Monday, February 07, 2011

Gleanings in Philippians ~ He Finishes What He Starts: Phil 1.6 (Part IV)

Over the past several days, we’ve been looking at this verse and six things I wanted to study more closely within it. We began by, first, reflecting on the joy that Paul has for the Philippians because of the salvation they have, because it is God’s work, and His work from start to finish. We also looked two more things last week: the second, salvation is a good work, because it makes us fit for the enjoyment of God and the third: our salvation, this good work, is unfinished here.

Fourthly, salvation is a certain work, because God always finishes what He starts. Yes, the Apostle Paul says, “He who began a good work in you will perfect it until the day of Christ Jesus,” and therefore by implication it’s not going to be perfected, it’s not going to be completed, it’s not going to be finished until then; but it is a certain work. It is absolutely certain that He will complete it, and that’s why in the song that by Augustus Toplady he writes that in heaven you will be “more happy, but not more secure.” Because God finishes what He starts. God doesn’t leave off in the middle of His work. He finishes what He starts.

Fifth, salvation is a perfect work of God, because God only does things perfectly. “He who began a good work in you will perfect it in the day of Christ Jesus.” The Apostle Paul is saying you can bet your bottom dollar that God will complete His work, because God does not fail to complete what He starts; God does not do imperfect work; God always, to the fullest degree of perfection, completes the work that He begins; and so, you will be made perfect. And you can be confident that not only will God not forsake you, but that one day He will perfect you, because God doesn’t do second-rate work.

And sixth and finally, Paul teaches us that salvation is a work that will only be perfect in the day and the appearing and the judgment of Christ:

“I am confident of this very thing, that He who began a good work in you will perfect it until the day of Christ Jesus.”

The Apostle Paul is saying that this will be the day when you are fully and finally perfected: in the day of the appearing of Christ Jesus. He’s saying that your perfection will not occur until then, and it will not occur until the perfection of all other saints.

The author of Hebrews talks about this in chapter 11. In verse 39 (he’s been talking about these great saints of the Old Testament and New), and he says,

“All these, having gained approval through their faith, did not receive what was promised….”
He’s saying that the things that God had promised them they did not receive in this life. Why? He tells you in verse 40, he says:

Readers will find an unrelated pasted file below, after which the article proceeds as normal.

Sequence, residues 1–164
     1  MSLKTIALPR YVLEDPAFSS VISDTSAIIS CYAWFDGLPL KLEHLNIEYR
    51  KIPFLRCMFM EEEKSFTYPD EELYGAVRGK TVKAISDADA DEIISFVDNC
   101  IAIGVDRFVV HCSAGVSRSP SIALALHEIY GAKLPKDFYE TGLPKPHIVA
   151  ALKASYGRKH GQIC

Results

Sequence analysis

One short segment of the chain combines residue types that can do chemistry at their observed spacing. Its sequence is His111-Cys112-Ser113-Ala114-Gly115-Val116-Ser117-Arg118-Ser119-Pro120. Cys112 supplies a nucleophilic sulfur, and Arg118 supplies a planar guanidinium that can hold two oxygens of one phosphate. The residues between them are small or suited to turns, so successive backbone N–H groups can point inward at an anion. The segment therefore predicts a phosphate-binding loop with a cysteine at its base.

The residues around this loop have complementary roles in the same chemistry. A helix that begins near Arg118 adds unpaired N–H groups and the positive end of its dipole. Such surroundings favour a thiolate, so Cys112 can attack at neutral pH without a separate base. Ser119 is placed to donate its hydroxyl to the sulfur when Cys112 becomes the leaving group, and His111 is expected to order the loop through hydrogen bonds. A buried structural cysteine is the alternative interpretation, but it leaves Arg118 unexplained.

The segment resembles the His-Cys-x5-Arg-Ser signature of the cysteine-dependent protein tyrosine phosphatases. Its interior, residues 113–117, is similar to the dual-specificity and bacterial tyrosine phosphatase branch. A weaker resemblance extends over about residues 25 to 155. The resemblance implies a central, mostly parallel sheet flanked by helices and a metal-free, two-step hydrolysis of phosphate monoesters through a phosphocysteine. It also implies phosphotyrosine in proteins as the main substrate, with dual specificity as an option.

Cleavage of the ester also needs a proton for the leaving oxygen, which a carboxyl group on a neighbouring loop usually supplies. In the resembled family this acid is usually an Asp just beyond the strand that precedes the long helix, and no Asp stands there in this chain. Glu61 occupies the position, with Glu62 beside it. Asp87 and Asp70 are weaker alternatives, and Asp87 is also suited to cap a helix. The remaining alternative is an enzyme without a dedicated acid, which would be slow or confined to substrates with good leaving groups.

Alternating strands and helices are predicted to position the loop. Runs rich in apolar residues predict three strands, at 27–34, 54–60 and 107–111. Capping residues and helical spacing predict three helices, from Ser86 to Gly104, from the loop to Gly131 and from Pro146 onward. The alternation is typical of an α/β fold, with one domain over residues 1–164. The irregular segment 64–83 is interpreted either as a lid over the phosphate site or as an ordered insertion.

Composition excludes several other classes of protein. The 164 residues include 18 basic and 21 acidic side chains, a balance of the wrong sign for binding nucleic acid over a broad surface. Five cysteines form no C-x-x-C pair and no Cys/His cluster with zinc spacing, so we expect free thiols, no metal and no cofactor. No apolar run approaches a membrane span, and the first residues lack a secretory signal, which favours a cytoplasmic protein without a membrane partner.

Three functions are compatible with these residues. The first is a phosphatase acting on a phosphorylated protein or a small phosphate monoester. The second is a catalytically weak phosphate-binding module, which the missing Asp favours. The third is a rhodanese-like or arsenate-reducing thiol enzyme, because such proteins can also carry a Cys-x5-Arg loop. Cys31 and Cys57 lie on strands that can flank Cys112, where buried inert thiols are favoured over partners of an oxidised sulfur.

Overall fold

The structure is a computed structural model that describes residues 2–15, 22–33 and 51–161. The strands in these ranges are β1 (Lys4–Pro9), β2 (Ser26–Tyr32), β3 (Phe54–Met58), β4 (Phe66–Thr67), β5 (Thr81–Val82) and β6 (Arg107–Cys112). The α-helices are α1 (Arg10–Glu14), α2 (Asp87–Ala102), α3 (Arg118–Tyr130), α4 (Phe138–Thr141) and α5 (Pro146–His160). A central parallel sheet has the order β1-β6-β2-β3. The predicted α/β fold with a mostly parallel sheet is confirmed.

“Because God had provided something better for us.”

Now is that the word you’re looking for? You’re waiting for "them," aren't you? Because God has provided something better for – them? No! Suddenly it’s because God has provided something better for us. That’s a strange argumentation. God didn’t give to them what He had promised, because He has something better for – us. What in the world does he mean? Look at the next phrase: “…So that apart from us they should not be made…..perfect.”

You see what the author of Hebrews is saying (and I have a sneaking suspicion he learned this from Paul): that it will be the day of the coming, the appearing, the judgment, the reign, the rule of Jesus Christ, when all the saints at the same time—from Adam to the very last person who is converted before the coming of Christ—at the exact same moment, we will be perfected. Nobody before anybody else in Christ. All at the same time. All to His praise and all to His glory. .

And the Apostle Paul says, ‘Philippians, I can only imagine what you’re going to go through in this life. (Now, Paul had a pretty good guess, similar to what he himself had experienced for the gospel.) But though he could only imagine what they were going to go through in this life, he was certain of this: that God was going to perfect in the Last Day what He had started in them, and therefore the Apostle Paul could be confident.

If your ultimate assurance and confidence in this life is because of something that you have done, because of something you have achieved, because of something you have attained…well, you’re in for a long, discouraging life. That rug can be pulled out from under you any time and a hundred times. But if your preservation is based on God’s work, then nothing can shake you. And that’s the kind of confidence we need in this kind of a world.

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